A small amount of bleeding is to be expected following the operation. Keeping bite pressure on the denture for 30-60 minutes should help stop the bleeding, however, some oozing from around the edges of the denture is expected to persist for several hours, but should eventually stop on its own. If bleeding occurs, avoid hot liquids, exercise, and elevate the head. If bleeding persists, call our office immediately. Do not remove immediate denture unless the bleeding is severe.
After general anesthetic or I.V. sedation, liquids only should be initially taken. Do not use straws. Drink from a glass. The sucking motion can cause more bleeding by dislodging the blood clot. You should not chew on the day of surgery. High calorie, high protein intake is very important. Suggested examples of acceptable foods include: any beverages, soups without solids which require chewing to swallow, jello, pudding, apple sauce, ice cream, yogurt, eggs, milkshakes, protein shakes, etc.. If you are experiencing any nausea dairy products may not be well tolerated. Nourishment should be taken regularly. You should prevent dehydration by taking fluids regularly. Your food intake will be limited for the first few days. You should compensate for this by increasing your fluid intake. At least 5-6 glasses of liquid should be taken daily.
After the day of surgery, you may eat anything soft. Try not to miss a single meal. You will feel better, have more strength, less discomfort and heal faster if you continue to eat. Due to jaw soreness and stiffness chewing may be difficult for up to 7-10 days following surgery. It is best to limit chewing to those foods of a consistency that does not cause discomfort.
Keep the mouth clean
No rinsing of any kind should be performed until the day following surgery. Leave the denture in place the night of the surgery as it will act as a band-aid over the wounds. You should see your dentist within 72 hours of the surgery for evaluation and adjustment of the fit of the dentures. If you are scheduled to see your dentist the day after the surgery, leave the denture in place until the appointment and let the dentist remove the denture for the first time. If not, the morning after surgery you should remove the denture and rinse vigorously at least 4-5 times a day, especially after each meal with mouthwash or a cup of warm water mixed with a teaspoon of salt. Do not leave the denture out of your mouth for more than a few minutes as the gum tissues may swell and inhibit reinsertion of the dentures. Beginning on the second night after surgery the dentures should be left out of the mouth overnight each night.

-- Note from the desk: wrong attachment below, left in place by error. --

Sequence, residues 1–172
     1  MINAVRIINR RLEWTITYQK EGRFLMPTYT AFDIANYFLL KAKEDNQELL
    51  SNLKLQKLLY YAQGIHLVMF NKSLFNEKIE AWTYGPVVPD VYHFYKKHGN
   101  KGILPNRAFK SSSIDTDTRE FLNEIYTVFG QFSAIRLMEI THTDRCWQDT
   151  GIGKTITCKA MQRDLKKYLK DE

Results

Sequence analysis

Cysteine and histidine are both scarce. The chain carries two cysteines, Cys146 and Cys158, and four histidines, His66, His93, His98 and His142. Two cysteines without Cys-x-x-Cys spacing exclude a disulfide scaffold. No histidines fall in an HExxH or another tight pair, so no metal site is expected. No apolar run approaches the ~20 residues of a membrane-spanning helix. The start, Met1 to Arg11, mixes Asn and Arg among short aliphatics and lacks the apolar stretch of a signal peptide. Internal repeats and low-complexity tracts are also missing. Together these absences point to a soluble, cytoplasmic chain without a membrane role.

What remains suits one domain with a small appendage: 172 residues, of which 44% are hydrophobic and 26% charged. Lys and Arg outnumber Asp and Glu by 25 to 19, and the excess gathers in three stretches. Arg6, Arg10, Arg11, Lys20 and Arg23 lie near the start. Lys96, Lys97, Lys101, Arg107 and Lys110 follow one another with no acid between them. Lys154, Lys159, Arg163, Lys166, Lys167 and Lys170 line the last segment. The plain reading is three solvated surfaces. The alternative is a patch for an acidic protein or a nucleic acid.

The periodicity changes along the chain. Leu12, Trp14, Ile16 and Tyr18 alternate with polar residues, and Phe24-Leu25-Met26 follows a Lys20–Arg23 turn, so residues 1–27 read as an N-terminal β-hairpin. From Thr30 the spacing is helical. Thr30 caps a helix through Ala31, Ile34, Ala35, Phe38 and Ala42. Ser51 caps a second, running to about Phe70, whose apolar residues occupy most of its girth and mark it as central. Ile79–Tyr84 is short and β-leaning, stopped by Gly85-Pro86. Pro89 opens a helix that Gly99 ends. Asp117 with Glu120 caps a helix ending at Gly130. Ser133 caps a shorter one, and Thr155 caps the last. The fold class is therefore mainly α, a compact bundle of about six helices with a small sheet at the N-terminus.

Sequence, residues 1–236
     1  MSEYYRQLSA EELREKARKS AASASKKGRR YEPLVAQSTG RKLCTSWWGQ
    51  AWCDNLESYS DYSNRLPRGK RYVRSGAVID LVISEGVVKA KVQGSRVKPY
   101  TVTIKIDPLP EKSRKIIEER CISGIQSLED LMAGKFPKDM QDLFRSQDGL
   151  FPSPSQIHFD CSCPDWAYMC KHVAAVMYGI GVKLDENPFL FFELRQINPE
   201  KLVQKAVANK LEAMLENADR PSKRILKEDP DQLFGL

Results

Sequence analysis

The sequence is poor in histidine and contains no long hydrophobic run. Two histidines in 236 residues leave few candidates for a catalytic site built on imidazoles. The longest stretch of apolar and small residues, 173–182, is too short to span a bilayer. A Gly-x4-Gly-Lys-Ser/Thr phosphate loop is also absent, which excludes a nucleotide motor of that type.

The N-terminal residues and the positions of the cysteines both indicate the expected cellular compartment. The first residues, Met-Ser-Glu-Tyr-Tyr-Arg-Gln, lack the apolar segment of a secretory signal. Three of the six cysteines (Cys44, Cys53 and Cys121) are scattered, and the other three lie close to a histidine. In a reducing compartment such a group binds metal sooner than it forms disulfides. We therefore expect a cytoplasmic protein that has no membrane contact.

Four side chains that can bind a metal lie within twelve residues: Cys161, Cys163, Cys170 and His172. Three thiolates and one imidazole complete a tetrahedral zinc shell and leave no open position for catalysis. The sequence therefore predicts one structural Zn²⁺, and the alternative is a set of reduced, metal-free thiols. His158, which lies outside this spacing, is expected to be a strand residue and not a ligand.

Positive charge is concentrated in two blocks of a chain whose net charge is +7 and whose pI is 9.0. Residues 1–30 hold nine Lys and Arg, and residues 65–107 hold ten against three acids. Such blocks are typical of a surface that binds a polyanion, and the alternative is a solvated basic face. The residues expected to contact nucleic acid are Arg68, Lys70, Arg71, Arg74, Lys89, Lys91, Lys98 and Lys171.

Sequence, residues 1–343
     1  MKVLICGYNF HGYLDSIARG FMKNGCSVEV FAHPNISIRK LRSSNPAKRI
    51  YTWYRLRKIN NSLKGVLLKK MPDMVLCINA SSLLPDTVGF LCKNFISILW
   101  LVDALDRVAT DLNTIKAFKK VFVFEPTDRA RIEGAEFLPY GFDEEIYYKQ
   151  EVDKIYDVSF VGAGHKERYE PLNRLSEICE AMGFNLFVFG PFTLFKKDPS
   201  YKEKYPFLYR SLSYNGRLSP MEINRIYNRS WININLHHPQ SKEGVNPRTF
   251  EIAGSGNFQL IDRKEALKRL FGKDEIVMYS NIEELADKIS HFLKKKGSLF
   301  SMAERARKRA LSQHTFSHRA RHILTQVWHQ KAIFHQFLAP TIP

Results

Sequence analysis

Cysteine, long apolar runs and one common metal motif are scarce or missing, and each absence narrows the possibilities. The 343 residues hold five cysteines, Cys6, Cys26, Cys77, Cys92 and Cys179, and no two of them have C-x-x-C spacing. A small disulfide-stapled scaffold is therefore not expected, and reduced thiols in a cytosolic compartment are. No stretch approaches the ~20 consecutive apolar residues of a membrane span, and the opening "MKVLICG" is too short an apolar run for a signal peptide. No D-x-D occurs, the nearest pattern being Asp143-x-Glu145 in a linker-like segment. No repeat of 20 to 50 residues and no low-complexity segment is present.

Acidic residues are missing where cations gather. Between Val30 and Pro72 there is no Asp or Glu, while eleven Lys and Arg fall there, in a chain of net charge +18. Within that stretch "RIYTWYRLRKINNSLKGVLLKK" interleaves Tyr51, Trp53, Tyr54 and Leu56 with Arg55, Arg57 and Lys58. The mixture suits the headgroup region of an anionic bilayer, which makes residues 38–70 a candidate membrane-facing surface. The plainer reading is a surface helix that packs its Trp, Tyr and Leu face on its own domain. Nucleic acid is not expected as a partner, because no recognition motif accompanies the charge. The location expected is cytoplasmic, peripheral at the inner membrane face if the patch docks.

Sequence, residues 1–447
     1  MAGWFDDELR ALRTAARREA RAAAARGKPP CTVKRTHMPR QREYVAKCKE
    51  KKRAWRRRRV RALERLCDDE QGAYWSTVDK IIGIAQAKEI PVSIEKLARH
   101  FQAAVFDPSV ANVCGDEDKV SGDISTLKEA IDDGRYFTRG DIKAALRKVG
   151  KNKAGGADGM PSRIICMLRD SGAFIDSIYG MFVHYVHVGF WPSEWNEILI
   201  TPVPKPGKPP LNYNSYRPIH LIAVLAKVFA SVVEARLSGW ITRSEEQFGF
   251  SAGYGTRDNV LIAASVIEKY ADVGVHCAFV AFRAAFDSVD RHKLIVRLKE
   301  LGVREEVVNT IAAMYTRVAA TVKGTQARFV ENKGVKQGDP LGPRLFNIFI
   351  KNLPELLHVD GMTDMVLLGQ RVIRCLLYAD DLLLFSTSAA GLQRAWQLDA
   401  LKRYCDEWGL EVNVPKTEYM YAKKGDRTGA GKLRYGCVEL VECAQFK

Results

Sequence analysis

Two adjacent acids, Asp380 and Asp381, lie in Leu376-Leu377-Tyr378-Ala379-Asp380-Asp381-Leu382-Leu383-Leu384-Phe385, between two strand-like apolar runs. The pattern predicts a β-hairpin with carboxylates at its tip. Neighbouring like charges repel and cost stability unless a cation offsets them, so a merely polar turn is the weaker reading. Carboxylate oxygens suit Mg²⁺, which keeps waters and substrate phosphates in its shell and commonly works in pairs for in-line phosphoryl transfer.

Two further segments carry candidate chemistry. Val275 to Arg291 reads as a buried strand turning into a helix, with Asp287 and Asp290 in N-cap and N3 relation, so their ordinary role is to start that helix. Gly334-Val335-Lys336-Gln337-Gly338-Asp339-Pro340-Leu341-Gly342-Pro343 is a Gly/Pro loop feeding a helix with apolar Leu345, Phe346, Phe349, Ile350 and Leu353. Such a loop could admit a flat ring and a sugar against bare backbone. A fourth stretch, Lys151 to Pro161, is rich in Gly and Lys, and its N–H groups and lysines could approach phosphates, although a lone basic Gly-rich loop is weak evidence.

The removal of many teeth at one time is quite different than the extraction of one or two teeth. Because the bone must be shaped and smoothed prior to the insertion of a denture, the following conditions may occur, all of which are considered normal:
- The area operated on may swell reaching a maximum in 2-3 days. Swelling and discoloration around the eye, face or neck may occur. The application of a moist warm towel will help eliminate the discoloration quicker. The towel should be applied continuously for as long as tolerable beginning 36 hours after surgery (remember ice packs are used for the first 36 hours only).
- A sore throat may develop. The muscles of the throat are near the extraction sites. Swelling into the throat muscles can cause pain. This is normal and should subside in 2-3 days.
- If the corners of the mouth are stretched, they may dry out and crack. Your lips should be kept moist with an ointment like Vaseline. There may be a slight elevation of temperature for 24-48 hours. If temperature continues, notify our office.
- If immediate dentures have been inserted, sore spots may develop. In most cases, your dentist will see you within 24-48 hours after surgery and make the necessary adjustments to relieve those sore spots. Failure to do so may result in severe denture sores, which may prolong the healing process.